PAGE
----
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AdministrativeGabriele GirardelloIntellectual propertyThe unbearable lightness of trade secrets and public tenders

27 October 2021by Gabriele Girardello

Trade secrets and disclosure would seem to be clearly demarcated opposites, but the reality is that the relationship between them is often more nuanced. In this case, the nuance is expressed in the context of the balance between the ‘right of information’ of the participants to a public tender and the possible presence of ‘trade secrets’ in the bidding documentation. A claim of trade secret protection is one of the objections to disclosure that may be raised by the bidder against a competitor who seeks to examine the tender documentation in order to evaluate his further legal steps.

Not for the first time in connection with a public procurement tender, an unsuccessful bidder then files with the contracting authority a request for examination of the documentation submitted by the successful bidder, this to evaluate the propriety of the award process, with an eye towards possibly challenging it through legal proceedings.

In this case, the successful bidder opposed the request for access, alleging the presence of trade secrets in the documentation that it had filed. Based on this, the request for access to the documentation was denied by the contracting authority. The challenging party then brought an action before the Administrative Court (having jurisdiction over public tender- related issues), seeking to require the court to lift the secrecy protection and order disclosure of the entire documentation.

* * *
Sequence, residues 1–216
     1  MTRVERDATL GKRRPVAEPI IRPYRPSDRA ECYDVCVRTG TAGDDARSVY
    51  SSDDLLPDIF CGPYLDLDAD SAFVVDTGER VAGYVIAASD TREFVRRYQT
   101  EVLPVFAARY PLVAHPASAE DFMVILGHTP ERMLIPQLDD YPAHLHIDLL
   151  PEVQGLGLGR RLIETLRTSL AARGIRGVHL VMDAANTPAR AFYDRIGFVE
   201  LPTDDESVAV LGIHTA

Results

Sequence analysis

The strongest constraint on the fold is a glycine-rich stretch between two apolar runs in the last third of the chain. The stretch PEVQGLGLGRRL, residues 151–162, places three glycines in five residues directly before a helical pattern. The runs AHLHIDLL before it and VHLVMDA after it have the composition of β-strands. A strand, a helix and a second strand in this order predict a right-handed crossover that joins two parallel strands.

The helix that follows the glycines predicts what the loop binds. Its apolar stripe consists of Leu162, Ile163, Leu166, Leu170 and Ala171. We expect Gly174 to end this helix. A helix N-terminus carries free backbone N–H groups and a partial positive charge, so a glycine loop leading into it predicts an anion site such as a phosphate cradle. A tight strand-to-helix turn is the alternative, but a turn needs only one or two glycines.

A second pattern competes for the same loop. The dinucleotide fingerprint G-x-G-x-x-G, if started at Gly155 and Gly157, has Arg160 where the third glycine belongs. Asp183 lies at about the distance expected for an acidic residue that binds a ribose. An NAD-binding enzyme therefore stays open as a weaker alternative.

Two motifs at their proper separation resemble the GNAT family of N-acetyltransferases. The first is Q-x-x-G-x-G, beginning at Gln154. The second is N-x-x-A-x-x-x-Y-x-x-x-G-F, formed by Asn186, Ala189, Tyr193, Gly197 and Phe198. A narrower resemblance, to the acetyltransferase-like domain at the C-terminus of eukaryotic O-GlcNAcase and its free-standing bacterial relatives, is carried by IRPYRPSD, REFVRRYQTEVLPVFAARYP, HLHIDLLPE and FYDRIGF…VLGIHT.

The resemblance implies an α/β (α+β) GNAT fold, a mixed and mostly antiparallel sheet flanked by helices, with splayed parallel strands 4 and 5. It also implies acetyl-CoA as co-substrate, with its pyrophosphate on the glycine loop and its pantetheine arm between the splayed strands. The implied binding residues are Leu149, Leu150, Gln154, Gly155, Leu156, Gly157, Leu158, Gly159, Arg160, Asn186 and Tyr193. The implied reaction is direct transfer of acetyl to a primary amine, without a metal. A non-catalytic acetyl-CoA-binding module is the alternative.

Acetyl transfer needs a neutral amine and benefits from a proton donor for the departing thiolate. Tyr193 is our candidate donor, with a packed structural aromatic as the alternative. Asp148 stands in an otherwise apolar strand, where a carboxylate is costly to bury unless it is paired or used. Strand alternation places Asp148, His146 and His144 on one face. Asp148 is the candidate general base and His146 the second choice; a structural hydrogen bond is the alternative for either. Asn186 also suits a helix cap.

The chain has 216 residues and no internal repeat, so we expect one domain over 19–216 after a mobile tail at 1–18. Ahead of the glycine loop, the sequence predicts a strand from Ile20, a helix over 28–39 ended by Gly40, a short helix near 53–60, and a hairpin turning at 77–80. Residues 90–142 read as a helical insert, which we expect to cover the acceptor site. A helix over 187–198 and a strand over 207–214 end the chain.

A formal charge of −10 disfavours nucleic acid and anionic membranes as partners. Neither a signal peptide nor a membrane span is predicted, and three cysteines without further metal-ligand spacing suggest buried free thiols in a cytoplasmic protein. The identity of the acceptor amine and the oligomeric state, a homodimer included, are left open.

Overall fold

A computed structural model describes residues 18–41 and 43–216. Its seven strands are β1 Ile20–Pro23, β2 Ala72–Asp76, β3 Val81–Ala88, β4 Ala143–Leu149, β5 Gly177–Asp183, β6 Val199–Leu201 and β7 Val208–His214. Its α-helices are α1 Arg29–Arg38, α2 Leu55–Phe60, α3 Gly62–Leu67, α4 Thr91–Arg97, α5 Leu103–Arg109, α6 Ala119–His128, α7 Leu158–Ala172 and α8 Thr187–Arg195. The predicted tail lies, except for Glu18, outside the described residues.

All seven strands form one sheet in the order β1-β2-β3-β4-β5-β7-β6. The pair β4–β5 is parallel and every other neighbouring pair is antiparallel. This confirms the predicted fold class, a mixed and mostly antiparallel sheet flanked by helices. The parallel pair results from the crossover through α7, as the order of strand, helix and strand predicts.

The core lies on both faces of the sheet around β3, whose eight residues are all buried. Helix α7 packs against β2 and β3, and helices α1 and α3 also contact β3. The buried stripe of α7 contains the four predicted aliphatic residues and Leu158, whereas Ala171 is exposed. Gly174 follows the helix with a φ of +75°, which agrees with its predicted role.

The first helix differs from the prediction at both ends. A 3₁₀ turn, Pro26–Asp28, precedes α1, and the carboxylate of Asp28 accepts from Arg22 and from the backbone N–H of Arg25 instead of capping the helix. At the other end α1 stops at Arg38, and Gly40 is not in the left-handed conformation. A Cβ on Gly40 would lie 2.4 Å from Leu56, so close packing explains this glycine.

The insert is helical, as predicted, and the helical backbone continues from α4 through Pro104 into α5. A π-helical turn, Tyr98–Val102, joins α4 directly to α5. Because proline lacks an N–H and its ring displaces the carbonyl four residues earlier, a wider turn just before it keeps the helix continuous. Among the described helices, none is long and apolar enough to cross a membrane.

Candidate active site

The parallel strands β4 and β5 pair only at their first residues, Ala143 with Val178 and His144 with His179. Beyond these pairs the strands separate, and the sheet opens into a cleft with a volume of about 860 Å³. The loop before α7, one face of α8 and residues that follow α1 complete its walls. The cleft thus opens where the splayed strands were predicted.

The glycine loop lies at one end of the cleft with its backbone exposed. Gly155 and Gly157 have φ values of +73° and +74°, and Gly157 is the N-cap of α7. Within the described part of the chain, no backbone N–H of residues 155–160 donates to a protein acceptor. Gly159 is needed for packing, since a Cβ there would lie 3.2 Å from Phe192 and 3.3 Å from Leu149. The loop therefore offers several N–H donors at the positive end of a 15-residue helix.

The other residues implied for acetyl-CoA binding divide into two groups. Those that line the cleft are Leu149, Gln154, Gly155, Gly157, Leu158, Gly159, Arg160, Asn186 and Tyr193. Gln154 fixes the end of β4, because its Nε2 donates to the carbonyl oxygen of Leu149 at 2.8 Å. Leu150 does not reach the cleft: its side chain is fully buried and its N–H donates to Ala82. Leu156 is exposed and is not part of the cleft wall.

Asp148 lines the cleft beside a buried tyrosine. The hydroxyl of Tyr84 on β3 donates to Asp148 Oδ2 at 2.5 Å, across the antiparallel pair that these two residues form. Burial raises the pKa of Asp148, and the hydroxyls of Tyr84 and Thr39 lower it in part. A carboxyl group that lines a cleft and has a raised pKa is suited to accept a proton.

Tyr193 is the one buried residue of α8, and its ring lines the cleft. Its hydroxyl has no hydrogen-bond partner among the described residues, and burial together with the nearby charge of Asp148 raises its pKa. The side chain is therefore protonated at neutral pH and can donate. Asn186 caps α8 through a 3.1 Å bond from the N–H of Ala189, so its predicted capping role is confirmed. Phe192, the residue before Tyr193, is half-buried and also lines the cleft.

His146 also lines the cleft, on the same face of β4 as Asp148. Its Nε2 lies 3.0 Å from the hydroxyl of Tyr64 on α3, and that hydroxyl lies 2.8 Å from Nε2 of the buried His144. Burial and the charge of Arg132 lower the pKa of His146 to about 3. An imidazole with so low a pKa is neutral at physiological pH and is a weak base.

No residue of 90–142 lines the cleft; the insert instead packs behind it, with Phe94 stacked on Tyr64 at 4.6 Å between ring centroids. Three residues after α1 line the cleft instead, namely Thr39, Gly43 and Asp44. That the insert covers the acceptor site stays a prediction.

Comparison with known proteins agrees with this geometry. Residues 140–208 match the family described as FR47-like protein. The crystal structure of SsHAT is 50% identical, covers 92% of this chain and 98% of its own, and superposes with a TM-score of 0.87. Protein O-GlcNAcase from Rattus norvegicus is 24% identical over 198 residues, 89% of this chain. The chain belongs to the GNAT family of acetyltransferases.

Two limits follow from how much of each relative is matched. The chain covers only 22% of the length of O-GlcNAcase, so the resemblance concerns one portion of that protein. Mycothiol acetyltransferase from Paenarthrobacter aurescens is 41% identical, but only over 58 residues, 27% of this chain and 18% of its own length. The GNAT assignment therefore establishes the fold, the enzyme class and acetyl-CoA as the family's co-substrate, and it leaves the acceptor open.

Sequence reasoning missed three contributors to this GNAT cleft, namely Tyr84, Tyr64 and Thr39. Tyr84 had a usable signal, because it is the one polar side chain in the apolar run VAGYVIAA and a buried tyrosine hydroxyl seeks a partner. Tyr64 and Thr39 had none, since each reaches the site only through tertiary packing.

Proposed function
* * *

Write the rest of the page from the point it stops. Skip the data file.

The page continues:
The applicable rules are contained in paragraph 5, letter “a” and paragraph 6 of Article 53 of Legislative Decree No. 50/2016 on public tenders, stating:

5, let. a): ‘the right of access and any form of disclosure shall be excluded in relation to: a) information provided as part of the tender or in justification thereof which constitutes, according to a reasoned and substantiated statement by the bidder, technical or commercial secrets”.

6: “In relation to the provision referred to in paragraph 5, letter a), access shall be granted to the bidder for the purpose of defending its interests before the courts in relation to the procedure for the award of the contract.’

Given the above, which is frankly intuitive and crystal clear as to its legal basis and rationale, this author was surprised to read that the tender underlying this case before the TAR Latium concerned a contract for “care and maintenance service of green areas and plant heritage” of a public body. In such a context, it is challenging to imagine what could be the trade secrets in the tender documentation of the winning bidder.

Not only that, but a little bit of digging regarding the party opposing access showed that it had claimed secrecy in its documentation in vague terms. In fact, it had simply recited some rather general and obvious principles of the right to secrecy, pointing to mere ‘skills and experience’, which could have been derived from reading documentation submitted by any competitor. As well, however, the party requesting access had not been clear on the specific reasons in favor of lifting the secrecy protection.